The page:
create and strengthen faith to lay hold upon Christ, to work in “ him comfortable evidences of his love, to arm him against temp« tations, to take off his heart from the world, to sanctify his pre« fent visitation, to furnish him with patience and strength to be “ it, and to give him perfeverance in faith to the end.
“ That, if God shall please to add to his days, he would vouch“ fafe to bless and fanctify all means of his recovery, to remove the " disease, renew his strength, and enable him to walk worthy of « God, by a faithful remembrance, and diligent observing of such
vows and promises of holiness and obedience, as men are apt to " make in times of sickness, that he may glorify God in the remain“ ing part of his life.
“ And, if God have determined to finish his days by the present « visitation, he may find such evidence of the pardon of all his sins, " of his interest in Christ, and eternal life by Christ, as may cause “ his inward man to be renewed, while his outward man decayeth; " that he may behold death without fear, caft himself wholly upon “ Christ without doubting, desire to be diffolved and to be with s« Christ, and so receive the end of his faith, the salvation of his soul,
through the only merits and intercession of the Lord Jesus Clirist, our alone Saviour and all-sufficient Redeemer."
The Minister shall admonish him also, (as there shall be cause,) to set his house in order, thereby to prevent inconveniencies; to take care for payment of his debts, and to make restitution or fatisfaction where he hath done any wrong; to be reconciled to those with whom he hath been at variance, and fully to forgive all men their trespasses against him, as he expects forgiveness at the hand of God.
Lastly, The Minister may improve the present occasion to exhort those about the sick person, to consider their own inortality, to return to the Lord, and make peace with him ; in health to prepare for fickness, death, and judgment; and all the days of their appointed time fo to wait until their change come, that when Chrift, who is our life, shall appear, they may appear with him in glory,
Concerning Burial of the Dead. WHen any person departeth this life, let the dead body, upon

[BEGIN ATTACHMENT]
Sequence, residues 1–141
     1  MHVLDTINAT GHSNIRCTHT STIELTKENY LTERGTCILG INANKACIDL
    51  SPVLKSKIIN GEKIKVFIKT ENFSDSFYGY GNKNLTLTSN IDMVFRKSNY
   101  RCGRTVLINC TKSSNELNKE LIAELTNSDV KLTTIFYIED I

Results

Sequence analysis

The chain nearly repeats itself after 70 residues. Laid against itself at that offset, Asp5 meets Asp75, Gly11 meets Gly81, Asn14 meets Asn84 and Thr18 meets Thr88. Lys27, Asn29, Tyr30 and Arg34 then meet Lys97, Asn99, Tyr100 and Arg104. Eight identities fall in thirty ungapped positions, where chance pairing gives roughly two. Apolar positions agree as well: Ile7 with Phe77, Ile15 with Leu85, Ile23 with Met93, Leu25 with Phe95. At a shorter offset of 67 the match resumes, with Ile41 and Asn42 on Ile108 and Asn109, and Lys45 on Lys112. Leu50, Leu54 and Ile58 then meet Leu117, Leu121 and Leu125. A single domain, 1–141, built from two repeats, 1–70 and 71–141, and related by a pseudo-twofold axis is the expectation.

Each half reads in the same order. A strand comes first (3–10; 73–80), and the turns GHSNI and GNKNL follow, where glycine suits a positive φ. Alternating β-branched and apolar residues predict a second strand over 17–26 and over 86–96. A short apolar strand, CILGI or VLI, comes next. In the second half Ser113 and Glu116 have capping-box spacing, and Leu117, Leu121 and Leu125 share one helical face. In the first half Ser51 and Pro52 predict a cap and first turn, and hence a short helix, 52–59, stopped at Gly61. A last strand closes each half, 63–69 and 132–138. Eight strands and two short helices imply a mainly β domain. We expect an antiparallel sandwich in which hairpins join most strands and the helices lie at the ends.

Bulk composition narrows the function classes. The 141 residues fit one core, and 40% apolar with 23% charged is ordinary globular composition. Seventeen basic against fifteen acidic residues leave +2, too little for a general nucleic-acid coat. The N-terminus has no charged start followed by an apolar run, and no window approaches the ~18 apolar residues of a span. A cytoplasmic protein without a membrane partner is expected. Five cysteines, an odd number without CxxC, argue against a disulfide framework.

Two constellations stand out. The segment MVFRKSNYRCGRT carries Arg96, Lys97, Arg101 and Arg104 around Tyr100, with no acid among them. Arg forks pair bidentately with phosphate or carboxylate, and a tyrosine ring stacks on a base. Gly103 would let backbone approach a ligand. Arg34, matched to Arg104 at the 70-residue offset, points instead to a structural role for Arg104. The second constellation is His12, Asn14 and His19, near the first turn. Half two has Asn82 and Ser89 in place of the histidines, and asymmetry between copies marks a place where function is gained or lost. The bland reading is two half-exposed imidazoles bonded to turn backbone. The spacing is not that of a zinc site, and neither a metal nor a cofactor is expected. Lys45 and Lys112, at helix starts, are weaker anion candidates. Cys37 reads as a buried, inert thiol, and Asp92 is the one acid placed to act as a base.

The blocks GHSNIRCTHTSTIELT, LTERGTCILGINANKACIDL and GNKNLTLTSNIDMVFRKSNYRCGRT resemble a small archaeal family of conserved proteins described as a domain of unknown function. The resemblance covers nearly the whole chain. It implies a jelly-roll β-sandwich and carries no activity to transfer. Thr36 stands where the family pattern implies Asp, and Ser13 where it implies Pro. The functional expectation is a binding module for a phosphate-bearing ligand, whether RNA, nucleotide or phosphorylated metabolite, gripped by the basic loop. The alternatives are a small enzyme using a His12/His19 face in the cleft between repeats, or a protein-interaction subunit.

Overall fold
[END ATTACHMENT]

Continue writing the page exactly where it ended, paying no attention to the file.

the day of burial, be decently attended from the house to the place appointed for public burial, and there inimediately interred, without any ceremony. : And because the customs of kneeling down, and praying by, or towards the dead corps, and other such usages, in the place where it lies before it be carried to burial, are superstitious; and for that, praying, reading, and singing both in going to, and at the grave, have been grossly abused, are no way beneficial to the dead, and have proved many ways hurtful to the living; therefore let all such things be laid aside.
Howbeit, we judge it very convenient, that the Christian friends, which accompany the dead body to the place appointed for public burial, do apply themselves to meditations and conferences suitable to the occasion; and that the minister, as upon other occasions, so at this time, if he be present, may put them in remembrance of their duty
That this shall not extend to deny any civil respects or deferences at the burial, suitable to the rank and condition of the party deceased, whiles he was living.
Concerning Public Solenn Fásting.
on a people, or apparently imuninent, or by fome extraordinary provocations notoriously deserved; as also when some special blelling is to be fouglit and obtained, public folemn fasting (which is to continue the whole day) is a duty that God expecteth from that nation, or people.
A religious fait requires total abstinence, not only from all food, '(unless bodily weakness do manifestly disable from holding out till the fast be ended, in which case somewhat may be taken, yet very sparingly, to support nature, when ready to faint,) but also from all worldly labour, discourses, and thoughts, and from all bodily delights, and such like, (although at other times lawful,) rich apparel, ornaments, and such like, during the fast; and much more from whatever is in the nature, or use, scandalous and offensive, as gaudifh attire, lascivious habits and gestures, and other vanities of either sex; which we recommend to all Ministers, in their places, diligent. ly and zealously to reprove, as at other times, fo especially at a fast, without respect of persons, as there shall be occasion.
Before the public meeting, each family and person apart are prio vately to use all religious care to prepare their hearts to such a solemn work, and to be early at the congregation.